Module03

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  • Faculty Notes: Select - CHOOSE the columns in a table that you want returned by your query Where - FILTER the rows in a table that you want returned by your query Order By - SORT data selected from the table in a specified order
  • Faculty Notes : Char_length function returns the number of character for variable-length data in a table column. However for fixed-length data, it returns the defined length of the column. Reverse(expression) returns reverse of the characters for example if expression is “abcd”, it returns “dcba” Substring(expression, start, length) Returns part of a string where start specifies the character position at which the substring begins. length specifies the number of characters in the substring.
  • Faculty Notes : Datepart notations are given below- Year abbreviated as yy expects values 1753–9999 Quarter abbreviated as qq expected values 1–4 Month abbreviated as mm expected values 1–12 Week abbreviated as wk expected values 1–54 Day abbreviated as dd expected values 1–31 Dayofyear abbreviated as dy expected values 1–366 Weekday abbreviated as dw expected values 1– 7 (Sunday–Saturday) hour abbreviated as hh expected values 0–23 Minute abbreviated as mi expected values 0–59 Second abbreviated as ss expected values 0–59 millisecond abbreviated as ms expected values 0–999
  • Faculty Notes : Examples : select datalength('aaa') select host_id() select suser_name()
  • Faculty Notes: The aggregate functions work with any type of column; however there are few exceptions: sum and avg functions work only with the numeric columns of int, smallint, tinyint, decimal, numeric, float, and money. Min and max functions will not work with bit data types Only the count(*) works with text and image data types. Example : Use pubs go select sum(ytd_sales) [Total Sales] from titles select count (*)[Total Records], avg (price*2)[Average Price] from titles --counts null values as well select count (price)[Total Not Null Records], avg (price*2) [Average Price] from titles --doesn't count null values Select max (ytd_sales)[Max Sales], min (ytd_sales) [Max Sales] from titles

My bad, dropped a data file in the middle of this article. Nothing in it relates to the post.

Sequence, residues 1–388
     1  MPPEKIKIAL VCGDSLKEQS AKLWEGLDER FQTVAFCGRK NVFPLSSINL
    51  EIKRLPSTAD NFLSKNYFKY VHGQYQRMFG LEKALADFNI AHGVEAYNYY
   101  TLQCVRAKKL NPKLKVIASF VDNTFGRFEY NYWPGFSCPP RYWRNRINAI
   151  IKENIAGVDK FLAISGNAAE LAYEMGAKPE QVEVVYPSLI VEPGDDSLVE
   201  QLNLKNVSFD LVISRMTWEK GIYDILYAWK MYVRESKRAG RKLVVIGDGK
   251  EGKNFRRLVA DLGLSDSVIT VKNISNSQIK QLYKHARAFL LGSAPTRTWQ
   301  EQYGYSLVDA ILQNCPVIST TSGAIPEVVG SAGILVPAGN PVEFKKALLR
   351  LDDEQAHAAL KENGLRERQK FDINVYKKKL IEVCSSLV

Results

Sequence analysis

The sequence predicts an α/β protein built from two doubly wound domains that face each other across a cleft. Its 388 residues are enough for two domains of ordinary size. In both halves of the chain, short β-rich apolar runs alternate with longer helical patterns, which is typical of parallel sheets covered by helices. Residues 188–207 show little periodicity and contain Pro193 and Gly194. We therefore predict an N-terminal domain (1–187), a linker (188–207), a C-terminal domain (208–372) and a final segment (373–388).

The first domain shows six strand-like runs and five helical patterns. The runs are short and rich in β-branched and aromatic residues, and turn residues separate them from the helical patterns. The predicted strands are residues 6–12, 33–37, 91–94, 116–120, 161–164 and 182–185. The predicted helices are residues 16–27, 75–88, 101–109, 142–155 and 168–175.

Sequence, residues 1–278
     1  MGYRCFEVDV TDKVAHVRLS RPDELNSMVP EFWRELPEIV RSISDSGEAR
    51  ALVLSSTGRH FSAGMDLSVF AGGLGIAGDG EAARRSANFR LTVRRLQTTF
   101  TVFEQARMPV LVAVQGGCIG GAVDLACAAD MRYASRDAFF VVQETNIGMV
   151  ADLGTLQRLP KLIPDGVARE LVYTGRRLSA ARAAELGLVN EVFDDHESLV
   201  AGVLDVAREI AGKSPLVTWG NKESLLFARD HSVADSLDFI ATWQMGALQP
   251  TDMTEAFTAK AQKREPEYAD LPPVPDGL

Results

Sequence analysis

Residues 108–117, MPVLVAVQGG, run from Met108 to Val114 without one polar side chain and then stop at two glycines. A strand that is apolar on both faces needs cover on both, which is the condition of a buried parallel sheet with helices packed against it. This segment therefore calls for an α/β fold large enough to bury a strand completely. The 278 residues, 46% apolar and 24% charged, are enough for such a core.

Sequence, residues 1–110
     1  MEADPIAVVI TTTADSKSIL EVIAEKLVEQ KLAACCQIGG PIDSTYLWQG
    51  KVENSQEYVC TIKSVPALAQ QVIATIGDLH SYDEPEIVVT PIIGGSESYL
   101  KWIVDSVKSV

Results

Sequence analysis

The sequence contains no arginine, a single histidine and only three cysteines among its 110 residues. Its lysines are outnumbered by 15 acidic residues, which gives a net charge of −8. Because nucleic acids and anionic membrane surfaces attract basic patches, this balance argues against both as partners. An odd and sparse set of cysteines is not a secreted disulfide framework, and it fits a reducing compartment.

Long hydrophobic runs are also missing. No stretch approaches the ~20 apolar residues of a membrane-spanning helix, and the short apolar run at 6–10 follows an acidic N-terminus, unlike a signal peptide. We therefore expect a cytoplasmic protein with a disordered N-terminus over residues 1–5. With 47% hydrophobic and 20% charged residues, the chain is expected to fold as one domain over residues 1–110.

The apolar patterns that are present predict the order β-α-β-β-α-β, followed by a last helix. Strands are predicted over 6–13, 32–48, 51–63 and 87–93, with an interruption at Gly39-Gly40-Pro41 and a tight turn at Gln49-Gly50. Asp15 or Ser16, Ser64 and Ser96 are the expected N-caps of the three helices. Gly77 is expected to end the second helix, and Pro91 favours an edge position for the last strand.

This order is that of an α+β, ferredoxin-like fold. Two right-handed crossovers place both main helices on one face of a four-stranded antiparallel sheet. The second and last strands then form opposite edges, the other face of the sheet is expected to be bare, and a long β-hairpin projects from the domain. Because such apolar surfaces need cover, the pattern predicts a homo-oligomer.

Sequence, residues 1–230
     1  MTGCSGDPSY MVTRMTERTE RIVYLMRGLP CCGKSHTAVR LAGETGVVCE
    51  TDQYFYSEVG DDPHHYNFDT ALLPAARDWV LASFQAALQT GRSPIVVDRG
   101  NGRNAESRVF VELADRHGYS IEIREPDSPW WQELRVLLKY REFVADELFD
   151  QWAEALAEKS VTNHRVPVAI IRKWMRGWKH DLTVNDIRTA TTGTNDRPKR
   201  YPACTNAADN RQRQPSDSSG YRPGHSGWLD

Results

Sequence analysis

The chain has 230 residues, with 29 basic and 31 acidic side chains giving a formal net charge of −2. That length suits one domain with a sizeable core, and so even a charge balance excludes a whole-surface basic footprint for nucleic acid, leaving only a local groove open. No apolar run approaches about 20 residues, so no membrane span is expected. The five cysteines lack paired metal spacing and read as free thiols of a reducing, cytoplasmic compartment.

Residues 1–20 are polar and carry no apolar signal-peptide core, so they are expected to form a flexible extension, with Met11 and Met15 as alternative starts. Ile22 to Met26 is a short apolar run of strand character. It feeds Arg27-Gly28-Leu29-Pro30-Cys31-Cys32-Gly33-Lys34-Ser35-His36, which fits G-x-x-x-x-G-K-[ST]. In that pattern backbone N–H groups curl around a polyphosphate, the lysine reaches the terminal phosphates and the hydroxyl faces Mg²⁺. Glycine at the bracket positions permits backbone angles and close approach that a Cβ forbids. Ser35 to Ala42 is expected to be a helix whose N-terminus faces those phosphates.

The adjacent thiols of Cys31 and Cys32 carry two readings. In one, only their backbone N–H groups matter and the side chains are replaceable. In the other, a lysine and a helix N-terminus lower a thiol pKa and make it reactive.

• Faculty Notes: WHERE Clause Specifies the condition for the rows returned by a query. Syntax WHERE < search_condition > Arguments <search_condition> Defines the condition to be met for the rows to be returned. There is no limit to the number of predicates in <search_condition>.
  • Faculty Notes: Read the above slide. Read both the select statements. Explain the output of each statement as follows: The first statement displays the last name and salary of employees whose salary is equal to 30000 The second statement displays the Employee Id and Last name for employees whose manager name is ‘RAYMOND’